• LunarNumbat - a team of Australians and New Zealanders who are using Open Source technologies to develop new software and electronic hardware in support of the White Label Space mission
  • Wrocław University of Technology - developer of aerospace communications equipment
  • JAQAR Space Engineering - the partner for orbital design and mission analysis

Launch[edit]

In December, 2016 Hakuto decided to share some costs with Team Indus and launch their two rovers together on the proven PSLV launcher of ISRO. The launch was initially scheduled for 28 December 2017,[17] and then delayed to March 2018.[3] The media reported in 9 January 2018 that ISRO cancelled the launch contract with TeamIndus and Hakuto.[18]

On January 23, 2018, X Prize founder and chairman Peter Diamandis stated "After close consultation with our five finalist Google Lunar X Prize teams over the past several months, we have concluded that no team will make a launch attempt to reach the moon by the March 31, 2018, deadline... and the US$30 million Google Lunar XPRIZE will go unclaimed."[19]

In April 2018, it was reported that launch is now planned for 2020 on the Peregrine lander by Astrobotic, to be launched on an Atlas V rocket.[4] Sorato rover will be deployed on the lunar surface along with other smaller rovers, including Chile's Team AngelicvM's rover, and a set of mini-rovers from the Mexican Space Agency.[4] The selected landing site is Lacus Mortis.[4]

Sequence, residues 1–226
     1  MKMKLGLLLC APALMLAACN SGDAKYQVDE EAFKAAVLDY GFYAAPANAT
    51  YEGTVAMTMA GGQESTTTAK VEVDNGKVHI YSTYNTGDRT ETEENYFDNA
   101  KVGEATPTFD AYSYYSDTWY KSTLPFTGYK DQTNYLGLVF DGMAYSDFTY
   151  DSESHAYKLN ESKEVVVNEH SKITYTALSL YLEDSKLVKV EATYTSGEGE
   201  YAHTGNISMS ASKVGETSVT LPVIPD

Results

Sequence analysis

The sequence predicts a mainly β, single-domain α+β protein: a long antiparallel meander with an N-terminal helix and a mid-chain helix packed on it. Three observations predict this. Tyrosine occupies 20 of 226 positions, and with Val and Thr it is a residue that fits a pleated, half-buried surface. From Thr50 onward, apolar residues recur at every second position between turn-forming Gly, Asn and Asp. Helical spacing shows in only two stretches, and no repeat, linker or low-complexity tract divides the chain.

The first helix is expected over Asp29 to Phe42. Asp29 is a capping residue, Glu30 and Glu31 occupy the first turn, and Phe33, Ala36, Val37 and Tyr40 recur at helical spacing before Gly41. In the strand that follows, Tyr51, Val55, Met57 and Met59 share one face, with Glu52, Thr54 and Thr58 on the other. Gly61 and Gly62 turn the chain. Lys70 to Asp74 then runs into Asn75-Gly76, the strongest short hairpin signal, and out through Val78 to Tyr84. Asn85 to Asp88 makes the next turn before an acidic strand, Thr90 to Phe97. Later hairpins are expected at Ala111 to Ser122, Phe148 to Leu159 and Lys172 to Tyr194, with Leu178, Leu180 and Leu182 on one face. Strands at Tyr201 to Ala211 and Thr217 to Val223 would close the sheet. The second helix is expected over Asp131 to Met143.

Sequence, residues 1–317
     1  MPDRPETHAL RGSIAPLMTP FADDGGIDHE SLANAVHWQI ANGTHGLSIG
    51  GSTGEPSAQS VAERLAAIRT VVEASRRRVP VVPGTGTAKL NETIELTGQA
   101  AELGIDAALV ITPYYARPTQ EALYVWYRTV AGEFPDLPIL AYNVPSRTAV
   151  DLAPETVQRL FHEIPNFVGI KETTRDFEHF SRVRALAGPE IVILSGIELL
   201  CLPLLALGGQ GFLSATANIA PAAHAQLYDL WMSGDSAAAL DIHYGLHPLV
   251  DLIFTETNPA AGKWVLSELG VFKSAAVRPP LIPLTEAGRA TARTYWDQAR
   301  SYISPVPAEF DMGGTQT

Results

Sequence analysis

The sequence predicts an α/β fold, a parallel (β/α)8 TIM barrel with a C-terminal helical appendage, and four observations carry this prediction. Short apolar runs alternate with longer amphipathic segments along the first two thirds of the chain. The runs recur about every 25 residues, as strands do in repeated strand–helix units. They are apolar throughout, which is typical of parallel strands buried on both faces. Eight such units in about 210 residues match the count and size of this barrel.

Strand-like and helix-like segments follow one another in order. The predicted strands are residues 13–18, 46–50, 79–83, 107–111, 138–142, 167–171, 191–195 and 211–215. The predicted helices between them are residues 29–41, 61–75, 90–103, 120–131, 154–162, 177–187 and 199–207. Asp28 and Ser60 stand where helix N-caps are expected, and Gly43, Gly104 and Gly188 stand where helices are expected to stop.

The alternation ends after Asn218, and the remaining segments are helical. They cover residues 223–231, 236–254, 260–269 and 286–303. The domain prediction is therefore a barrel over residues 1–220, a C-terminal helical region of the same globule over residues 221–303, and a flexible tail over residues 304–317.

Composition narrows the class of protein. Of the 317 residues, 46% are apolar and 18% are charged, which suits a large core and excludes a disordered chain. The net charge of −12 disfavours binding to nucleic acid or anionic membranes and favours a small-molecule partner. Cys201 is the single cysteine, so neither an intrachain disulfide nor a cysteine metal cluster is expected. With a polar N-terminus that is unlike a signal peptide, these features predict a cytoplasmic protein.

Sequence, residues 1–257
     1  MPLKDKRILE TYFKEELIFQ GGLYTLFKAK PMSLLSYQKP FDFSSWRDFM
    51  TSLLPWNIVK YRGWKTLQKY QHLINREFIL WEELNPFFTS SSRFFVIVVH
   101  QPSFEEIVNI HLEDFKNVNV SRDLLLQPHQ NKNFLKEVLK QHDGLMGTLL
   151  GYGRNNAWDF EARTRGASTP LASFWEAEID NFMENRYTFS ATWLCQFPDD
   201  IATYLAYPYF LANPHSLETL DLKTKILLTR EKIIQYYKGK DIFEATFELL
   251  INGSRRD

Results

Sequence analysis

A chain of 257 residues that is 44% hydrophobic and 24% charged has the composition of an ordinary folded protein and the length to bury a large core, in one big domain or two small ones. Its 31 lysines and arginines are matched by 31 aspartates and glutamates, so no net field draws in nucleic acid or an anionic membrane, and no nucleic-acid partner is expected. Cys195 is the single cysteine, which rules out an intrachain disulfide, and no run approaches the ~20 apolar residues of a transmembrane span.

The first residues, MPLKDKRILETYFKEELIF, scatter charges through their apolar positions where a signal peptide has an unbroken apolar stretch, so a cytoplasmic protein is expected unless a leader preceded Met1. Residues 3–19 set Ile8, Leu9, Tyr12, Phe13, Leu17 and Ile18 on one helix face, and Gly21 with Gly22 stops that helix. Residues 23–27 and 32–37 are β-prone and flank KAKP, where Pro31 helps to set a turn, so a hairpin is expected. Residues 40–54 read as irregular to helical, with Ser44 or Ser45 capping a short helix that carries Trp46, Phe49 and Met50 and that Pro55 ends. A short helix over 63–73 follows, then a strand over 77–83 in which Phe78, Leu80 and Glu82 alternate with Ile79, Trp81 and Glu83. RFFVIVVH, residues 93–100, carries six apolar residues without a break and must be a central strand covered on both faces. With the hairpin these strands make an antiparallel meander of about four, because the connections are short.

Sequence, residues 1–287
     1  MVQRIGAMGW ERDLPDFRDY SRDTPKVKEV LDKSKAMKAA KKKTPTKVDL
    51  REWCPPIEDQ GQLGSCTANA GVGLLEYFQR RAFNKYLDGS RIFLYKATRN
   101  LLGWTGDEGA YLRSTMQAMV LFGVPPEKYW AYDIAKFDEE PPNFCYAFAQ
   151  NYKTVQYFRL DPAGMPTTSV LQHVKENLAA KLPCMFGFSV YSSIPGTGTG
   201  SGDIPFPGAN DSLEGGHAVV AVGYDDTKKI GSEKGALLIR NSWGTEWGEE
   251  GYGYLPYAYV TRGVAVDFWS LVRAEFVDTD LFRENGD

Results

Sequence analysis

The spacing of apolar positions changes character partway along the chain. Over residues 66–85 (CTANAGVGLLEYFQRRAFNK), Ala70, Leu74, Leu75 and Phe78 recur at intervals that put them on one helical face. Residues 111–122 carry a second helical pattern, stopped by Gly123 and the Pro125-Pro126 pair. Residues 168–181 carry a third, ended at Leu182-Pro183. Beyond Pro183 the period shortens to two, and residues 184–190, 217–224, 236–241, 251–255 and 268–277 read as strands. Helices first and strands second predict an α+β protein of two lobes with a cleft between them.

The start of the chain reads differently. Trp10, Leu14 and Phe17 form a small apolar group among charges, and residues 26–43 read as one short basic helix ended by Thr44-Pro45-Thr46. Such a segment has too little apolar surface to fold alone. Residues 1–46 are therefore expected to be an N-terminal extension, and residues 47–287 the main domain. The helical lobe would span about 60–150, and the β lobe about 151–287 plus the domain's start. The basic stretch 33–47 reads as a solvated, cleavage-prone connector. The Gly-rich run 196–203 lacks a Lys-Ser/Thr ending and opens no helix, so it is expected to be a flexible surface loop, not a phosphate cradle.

See also[edit]

References[edit]

  1. ^ a b Announcement: New Team Name is "HAKUTO" Google Lunar X PRIZE, July 15, 2013
  2. ^ White Label Space team page on the Google Lunar X PRIZE site
  3. ^ a b Japanese team competing in lunar probe contest to delay launch. Japan Times. 8 November 2018.
  4. ^ a b c d Astrobiotic Ready to Become Delivery Service to the Moon. Michael Coli, Spaceflight Insider. 19 March 2018.
  5. ^ a b c History Archived 2014-08-26 at the Wayback Machine. team Hakuto, 2014
  6. ^ WLS Japanese Office Open for Business, 9 September 2010
  7. ^ The Japanese Space Bots That Could Build Moon Valley. Sarah Scoles, Wired. 14 May 2018.
  8. ^ White Label Space Moves Full Operations to Japan team White Label Space
  9. ^ チーム体制変更のお知らせ team Hakuto, 2013.1.30
  10. ^ Japan's Hakuto was selected for Milestone Prizes finalists! Google Lunar X PRIZE, February 28, 2014
  11. ^ Pietrobon, Steven (December 8, 2018). "United States Commercial ELV Launch Manifest". Retrieved December 19, 2018.
  12. ^ About Us
  13. ^ About Hakuto Team Haruko, January, 2014
  14. ^ White Label Space Official Partners Page, 2008-01-01.
  15. ^ Emxys - New Partner for Electronic Systems, 27 November 2009
  16. ^ Emxys - New Partner for Electronic Systems Google Lunar X PRIZE, November 27, 2009
  17. ^ 15 Air and Space Missions We're Excited for In 2018 Popular Mechanics 6 January 2017
  18. ^ Google Lunar Xprize: ISRO Calls Off Contract With TeamIndus. 9 January 2018.
  19. ^ https://www.space.com/39467-google-lunar-xprize-moon-race-ends.html Ex-Prize: Google's $30 Million Moon Race Ends with No Winner]. Mike Wall, Space]]. 23 January 2018.

External links[edit]